Modern Optical Engineering, 4th Ed. (Anglais) Relié – 1 janvier 2008
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The book starts with a four chapter overview of first order optics: cardinal points, image position and size, paraxial ray tracing and so on. The next two chapters introduce optical aberrations. Although all of the different ways of describing aberrations (transverse, longitudinal, angular and wavefront) are mentioned, Smith focuses on transverse. Readers specifically interested in the wavefront formulation would be advised to refer to Welford's "Aberrations of Optical Systems" or Kidger's "Fundamental Optical Design". The next few chapters provide valuable information for lens designers, but it's hard to summarize them as a unit. Included in this group is Chapter 9. Stops, Apertures, Pupils and Diffraction, to which I've referred more people than any other.
With the background covered, Chapters 13 starts the main section of the book on how to go about designing lenses. Had Smith taken the time to do a more thorough rewrite, rather than primarily adding chapters, this section could have been more cohesive, but it is good enough as it is. Chapters 13 and 14 cover optical system layout. They are followed by a chapter on Wavefront Aberrations and MTF that was called "Image Evaluation" in earlier editions. This chapter is critical for understanding how well a lens design will perform. Chapters 16-18 walk the reader through the process of lens design, giving a number of examples. Smith was an expert, so the gems offered in these chapters bear repeated reference. Chapter 19 is an attempt to fill a void left when Cox's "A System of Optical Design" went out of print. Cox's Lens Performance Section, with its hundreds of evaluated patented lens designs provided a wealth of starting points for a generation of lens designers. Smith's chapter with 62 evaluated designs, including the OSLO performance report, is a bit broader in coverage, but has only a small fraction of the designs.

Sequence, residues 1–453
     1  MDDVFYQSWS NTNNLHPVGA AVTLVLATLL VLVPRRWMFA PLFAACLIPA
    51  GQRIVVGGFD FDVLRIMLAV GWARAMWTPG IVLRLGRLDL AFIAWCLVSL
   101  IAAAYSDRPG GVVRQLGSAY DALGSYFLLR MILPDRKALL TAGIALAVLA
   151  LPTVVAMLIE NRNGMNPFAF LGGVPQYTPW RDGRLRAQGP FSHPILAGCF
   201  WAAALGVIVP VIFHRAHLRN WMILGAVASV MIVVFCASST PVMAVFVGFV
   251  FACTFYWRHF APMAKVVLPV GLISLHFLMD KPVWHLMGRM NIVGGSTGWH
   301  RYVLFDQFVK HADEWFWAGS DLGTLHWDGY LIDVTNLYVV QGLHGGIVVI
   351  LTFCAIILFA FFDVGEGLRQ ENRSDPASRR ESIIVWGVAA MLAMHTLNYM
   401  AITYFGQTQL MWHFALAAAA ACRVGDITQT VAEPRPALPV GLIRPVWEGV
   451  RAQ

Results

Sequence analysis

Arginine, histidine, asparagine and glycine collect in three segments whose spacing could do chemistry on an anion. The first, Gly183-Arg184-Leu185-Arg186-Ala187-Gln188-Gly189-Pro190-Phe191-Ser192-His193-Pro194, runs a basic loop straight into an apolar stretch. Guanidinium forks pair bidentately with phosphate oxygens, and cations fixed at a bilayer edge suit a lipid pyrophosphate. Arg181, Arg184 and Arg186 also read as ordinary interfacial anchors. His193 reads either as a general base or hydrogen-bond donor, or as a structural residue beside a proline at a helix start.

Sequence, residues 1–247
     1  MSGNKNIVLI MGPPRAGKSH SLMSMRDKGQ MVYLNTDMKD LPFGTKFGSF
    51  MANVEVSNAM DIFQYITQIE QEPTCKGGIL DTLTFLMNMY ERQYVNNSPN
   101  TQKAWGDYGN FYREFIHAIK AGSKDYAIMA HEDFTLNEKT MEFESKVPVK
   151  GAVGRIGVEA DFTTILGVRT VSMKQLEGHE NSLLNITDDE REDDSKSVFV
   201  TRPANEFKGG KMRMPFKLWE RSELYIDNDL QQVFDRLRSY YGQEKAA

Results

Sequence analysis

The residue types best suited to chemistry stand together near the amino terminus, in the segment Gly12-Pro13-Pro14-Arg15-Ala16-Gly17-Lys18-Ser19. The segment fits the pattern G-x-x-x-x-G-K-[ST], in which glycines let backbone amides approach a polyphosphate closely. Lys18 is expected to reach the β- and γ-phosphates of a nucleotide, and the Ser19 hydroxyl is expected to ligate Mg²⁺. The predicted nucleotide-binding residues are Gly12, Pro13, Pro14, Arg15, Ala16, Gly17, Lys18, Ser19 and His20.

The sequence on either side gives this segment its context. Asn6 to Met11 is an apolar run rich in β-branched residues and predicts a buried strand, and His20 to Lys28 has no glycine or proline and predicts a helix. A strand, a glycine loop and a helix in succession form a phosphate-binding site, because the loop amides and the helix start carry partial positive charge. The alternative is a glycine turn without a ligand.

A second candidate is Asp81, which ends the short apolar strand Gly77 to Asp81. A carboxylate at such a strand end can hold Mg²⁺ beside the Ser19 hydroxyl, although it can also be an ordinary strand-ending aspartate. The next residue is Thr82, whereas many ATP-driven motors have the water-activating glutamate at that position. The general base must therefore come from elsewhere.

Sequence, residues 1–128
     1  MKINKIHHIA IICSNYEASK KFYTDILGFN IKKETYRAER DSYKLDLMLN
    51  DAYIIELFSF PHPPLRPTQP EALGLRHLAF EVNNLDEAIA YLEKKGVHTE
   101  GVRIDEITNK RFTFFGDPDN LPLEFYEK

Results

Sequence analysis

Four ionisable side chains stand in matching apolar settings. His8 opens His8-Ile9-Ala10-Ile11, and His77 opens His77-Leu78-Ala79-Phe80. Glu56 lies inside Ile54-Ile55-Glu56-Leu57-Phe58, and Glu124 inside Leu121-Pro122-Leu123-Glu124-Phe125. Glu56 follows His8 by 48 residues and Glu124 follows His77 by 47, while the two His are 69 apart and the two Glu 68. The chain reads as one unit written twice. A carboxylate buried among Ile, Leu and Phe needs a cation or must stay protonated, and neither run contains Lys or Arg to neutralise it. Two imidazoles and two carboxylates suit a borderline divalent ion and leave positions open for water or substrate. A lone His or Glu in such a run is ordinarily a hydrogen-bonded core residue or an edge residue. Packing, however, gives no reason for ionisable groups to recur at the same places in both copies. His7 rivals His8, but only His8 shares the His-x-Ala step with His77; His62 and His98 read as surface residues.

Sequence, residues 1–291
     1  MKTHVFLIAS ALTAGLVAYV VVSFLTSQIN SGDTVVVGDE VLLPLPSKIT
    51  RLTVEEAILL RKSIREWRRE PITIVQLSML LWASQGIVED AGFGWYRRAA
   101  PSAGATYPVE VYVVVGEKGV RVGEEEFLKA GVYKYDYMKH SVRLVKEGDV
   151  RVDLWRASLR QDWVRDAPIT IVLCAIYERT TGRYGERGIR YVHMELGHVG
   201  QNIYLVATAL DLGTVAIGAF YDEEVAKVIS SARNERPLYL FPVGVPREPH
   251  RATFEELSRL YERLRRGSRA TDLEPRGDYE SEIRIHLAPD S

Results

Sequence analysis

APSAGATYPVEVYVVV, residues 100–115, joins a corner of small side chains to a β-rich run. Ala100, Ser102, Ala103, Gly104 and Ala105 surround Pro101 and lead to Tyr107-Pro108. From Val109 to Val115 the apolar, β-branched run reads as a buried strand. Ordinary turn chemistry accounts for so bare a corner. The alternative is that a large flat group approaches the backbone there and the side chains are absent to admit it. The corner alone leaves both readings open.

Smith closes the book with a chapter that gives a background on how to work with an optical manufacturer and one on working with lenses you can purchase off the shelf.
There are many other books on lens design, but Smith's is a classic.
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